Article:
A city divided cannot stand

Henry S. WebberHenry S. Webber, executive vice chancellor and chief administrator

 

In recent years, the city of St. Louis has received a great deal of national publicity. Some of this attention has been positive, celebrating achievements including the success of Cortex and other endeavors that have fostered a fast-growing entrepreneurial community, the revitalization of the Arch grounds, and the excellence of our local sports teams and cultural institutions. We should proudly own these stories, but we must also own tragic stories of children dying by gun violence, racial segregation and deeply concentrated poverty.

St. Louis suffers from split personality disorder. One city, largely associated with the central corridor, is booming. The other city, mostly located north of Delmar, continues to suffer from decades of disinvestment. St. Louis can’t be economically successful without building on our strengths and challenging the status quo.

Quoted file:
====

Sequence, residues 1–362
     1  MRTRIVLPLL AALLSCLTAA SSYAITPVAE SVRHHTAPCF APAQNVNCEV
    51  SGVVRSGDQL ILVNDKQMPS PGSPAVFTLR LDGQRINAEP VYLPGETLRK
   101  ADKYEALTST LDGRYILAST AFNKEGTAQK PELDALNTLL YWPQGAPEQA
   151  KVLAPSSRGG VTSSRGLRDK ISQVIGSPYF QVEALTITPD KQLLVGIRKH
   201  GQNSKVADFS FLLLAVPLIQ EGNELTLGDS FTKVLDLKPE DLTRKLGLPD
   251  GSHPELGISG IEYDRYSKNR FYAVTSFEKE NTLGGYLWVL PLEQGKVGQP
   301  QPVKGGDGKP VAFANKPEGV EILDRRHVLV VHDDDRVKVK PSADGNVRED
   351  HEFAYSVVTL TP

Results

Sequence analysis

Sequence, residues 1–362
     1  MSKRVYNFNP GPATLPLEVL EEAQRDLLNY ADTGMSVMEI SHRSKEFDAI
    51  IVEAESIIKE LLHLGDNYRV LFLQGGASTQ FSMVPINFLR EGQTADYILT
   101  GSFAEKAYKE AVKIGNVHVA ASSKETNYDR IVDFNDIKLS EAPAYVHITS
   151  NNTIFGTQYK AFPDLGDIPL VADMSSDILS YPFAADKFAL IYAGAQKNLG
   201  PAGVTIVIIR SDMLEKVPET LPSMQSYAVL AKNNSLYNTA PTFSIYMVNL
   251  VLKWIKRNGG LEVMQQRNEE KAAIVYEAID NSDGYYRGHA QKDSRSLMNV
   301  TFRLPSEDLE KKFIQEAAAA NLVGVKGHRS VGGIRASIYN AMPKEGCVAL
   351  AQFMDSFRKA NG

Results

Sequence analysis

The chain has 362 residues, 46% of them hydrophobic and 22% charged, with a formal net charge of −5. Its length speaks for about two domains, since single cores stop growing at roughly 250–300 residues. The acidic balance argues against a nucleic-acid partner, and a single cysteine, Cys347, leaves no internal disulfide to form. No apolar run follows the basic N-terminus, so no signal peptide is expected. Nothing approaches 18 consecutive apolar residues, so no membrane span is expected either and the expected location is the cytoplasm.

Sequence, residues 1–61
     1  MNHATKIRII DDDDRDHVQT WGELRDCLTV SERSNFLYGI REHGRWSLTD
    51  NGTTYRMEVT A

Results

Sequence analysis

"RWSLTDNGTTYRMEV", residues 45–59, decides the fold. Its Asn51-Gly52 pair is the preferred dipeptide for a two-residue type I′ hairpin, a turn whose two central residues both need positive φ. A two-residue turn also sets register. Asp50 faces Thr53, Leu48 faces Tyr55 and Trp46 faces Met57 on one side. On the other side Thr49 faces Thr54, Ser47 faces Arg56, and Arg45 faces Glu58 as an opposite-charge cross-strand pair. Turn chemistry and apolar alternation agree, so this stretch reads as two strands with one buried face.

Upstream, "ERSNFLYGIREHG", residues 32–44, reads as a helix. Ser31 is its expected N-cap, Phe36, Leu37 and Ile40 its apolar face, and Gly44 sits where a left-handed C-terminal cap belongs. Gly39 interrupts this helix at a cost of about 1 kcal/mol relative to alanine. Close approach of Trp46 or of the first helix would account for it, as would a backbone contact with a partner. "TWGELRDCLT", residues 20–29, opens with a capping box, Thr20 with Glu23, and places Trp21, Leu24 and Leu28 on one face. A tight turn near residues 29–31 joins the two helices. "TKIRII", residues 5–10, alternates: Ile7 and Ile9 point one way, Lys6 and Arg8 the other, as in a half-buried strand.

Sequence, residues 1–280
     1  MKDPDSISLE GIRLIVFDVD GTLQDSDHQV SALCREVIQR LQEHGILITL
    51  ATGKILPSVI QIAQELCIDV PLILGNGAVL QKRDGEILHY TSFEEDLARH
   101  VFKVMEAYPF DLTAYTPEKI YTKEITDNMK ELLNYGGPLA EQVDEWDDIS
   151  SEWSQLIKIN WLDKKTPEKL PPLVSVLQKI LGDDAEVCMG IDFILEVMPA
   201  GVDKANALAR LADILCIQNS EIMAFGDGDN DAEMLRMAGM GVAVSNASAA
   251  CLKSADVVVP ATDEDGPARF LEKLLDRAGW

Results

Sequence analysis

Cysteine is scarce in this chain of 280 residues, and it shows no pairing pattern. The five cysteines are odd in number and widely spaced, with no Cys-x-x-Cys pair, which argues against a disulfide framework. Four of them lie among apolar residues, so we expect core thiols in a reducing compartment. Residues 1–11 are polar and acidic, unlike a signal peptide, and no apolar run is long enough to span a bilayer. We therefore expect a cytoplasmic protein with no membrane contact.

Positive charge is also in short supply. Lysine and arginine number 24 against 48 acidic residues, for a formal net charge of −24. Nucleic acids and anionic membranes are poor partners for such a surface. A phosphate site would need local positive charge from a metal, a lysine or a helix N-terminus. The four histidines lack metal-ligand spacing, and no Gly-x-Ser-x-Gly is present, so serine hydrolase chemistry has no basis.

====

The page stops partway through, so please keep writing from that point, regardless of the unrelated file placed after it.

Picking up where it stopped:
With a group of colleagues at Washington University, I studied demographic trends in St. Louis as well as a set of other major Midwestern regions and cities. What I have learned about the city of St. Louis is both positive and distressing.

Read the full piece in the St. Louis Post-Dispatch.

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